Today, McDonald's (NYSE:MCD) announced that its same-store sales in the U.S. and the Asia/Pacific, Middle East and Africa (APMEA) regions fell by 0.8% and 2.3%, respectively, in November while its sales in Europe were up 1.9%. In total, the company's same-store sales were up 0.5% in November, versus an increase of 2.4% last November.
Sales for the fast-food retailer in its entirety were up 1.1%, and 3.1% after adjusting for currency changes. The change in same-store sales in November over the last three years is seen in the table below:
In the U.S., McDonald's noted that while sales were "supported by breakfast, chicken menu choices and expanded value offerings," increased competition and flat traffic hurt performance. In considering next year, the company noted that it "is intent on rebuilding its underlying business momentum by strengthening key elements of customer service and leveraging the breadth of menu choices."
European sales were bolstered by strong performance in the U.K., France, and Russia, but the gains in the region were hurt by unfavorable results in Germany. The press release added that McDonald's was able to see gains as a result of strong customer experience as well as premium menu choices and promotions. The declining sales in the APMEA region were attributed to poor performance in Japan.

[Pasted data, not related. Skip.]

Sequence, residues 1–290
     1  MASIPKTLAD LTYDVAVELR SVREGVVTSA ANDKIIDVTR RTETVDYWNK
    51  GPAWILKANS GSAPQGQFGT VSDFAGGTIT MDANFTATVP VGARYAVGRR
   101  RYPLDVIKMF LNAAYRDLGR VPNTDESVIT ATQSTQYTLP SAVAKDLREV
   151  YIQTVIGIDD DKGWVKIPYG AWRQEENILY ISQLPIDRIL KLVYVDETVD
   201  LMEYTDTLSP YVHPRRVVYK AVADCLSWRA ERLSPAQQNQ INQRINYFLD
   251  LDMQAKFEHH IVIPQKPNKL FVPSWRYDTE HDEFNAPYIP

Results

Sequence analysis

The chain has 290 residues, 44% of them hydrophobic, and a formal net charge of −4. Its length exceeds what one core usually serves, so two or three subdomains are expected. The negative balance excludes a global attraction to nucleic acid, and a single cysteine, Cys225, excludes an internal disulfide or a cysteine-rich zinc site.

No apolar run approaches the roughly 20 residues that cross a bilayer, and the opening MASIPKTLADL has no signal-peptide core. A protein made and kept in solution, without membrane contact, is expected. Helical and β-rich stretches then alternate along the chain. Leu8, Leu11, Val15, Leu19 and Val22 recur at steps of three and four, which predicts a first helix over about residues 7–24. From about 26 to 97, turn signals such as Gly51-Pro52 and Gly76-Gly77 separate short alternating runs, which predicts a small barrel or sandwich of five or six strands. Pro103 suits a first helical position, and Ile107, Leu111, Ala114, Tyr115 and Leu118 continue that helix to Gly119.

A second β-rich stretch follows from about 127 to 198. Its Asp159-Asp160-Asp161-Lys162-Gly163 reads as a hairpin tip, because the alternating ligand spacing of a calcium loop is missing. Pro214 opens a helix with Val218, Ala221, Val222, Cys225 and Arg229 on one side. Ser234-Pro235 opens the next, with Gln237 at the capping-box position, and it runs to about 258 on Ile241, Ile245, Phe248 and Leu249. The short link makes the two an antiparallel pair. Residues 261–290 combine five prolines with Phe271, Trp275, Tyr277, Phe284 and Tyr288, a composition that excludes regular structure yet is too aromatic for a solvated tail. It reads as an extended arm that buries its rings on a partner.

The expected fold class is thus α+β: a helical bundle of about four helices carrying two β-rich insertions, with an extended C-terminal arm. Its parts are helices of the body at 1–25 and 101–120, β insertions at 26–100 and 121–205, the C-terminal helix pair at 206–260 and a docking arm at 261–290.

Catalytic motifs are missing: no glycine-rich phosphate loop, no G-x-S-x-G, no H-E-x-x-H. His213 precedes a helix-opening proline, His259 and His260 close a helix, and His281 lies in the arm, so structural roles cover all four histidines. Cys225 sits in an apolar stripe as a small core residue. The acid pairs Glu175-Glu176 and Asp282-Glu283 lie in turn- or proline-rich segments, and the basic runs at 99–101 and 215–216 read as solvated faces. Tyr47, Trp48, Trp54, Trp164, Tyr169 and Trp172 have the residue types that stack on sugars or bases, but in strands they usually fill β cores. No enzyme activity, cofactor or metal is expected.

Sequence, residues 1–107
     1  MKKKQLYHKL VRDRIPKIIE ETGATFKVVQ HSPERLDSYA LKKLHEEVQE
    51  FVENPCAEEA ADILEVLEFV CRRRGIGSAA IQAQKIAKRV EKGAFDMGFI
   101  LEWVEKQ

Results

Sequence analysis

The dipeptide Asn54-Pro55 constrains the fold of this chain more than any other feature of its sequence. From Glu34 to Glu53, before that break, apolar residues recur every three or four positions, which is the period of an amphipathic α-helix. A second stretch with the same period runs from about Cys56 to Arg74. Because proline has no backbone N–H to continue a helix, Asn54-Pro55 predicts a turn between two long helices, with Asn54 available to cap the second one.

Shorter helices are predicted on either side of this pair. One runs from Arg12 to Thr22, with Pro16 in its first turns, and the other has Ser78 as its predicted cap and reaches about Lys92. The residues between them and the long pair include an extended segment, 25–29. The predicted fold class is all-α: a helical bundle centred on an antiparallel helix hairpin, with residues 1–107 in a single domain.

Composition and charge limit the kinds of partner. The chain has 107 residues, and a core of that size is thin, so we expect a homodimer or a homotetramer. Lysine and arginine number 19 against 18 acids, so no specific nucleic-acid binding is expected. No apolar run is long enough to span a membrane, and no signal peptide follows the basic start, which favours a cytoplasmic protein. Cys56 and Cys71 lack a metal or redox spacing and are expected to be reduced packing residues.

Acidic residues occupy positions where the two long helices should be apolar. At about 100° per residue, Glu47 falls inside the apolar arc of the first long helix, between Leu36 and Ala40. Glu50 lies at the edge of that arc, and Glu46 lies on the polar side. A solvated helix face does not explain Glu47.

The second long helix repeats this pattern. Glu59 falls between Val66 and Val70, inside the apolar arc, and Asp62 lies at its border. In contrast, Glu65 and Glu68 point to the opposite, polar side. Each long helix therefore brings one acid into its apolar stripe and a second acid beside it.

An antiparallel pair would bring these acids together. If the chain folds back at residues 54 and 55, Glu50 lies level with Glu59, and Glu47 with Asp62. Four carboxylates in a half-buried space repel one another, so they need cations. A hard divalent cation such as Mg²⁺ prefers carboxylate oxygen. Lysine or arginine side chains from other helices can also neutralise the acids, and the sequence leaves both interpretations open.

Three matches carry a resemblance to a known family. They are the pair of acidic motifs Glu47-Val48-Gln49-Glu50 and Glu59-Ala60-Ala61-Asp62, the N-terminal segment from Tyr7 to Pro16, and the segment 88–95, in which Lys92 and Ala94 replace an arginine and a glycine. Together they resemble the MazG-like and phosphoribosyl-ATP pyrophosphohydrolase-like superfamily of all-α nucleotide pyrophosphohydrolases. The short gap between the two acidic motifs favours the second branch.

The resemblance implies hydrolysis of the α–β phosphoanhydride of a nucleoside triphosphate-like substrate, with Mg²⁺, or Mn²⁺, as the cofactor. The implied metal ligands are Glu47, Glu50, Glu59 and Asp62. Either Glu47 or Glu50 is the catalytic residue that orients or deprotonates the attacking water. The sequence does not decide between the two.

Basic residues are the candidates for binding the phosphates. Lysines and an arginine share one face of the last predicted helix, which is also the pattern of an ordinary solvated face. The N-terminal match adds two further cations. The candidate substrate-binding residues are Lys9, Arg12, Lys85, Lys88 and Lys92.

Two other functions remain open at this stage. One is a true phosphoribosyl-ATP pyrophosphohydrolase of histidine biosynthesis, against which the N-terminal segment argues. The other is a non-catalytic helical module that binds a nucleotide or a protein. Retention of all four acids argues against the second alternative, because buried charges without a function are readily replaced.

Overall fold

"As consumer expectations and the marketplace continue to evolve, we are making investments in our menu, restaurants and service to strengthen our connection with customers and build our business for long-term profitable growth," added Don Thompson, McDonald's president and chief executive officer.
The lackluster results come as McDonald's faces intensifying competition and changing eating habits. People are increasingly reaching for foods they feel are fresh, healthy or higher quality. To keep pace, McDonald's has introduced options such as chicken wraps and breakfast sandwiches with egg whites.
In the meantime, McDonald's is also trying to win over diners with cheaper fare. But its focus on its famous Dollar Menu has been a sore point with franchisees, who are seeing their profit margins hurt as costs for ingredients climb.
-- Material from The Associated Press was used in this report.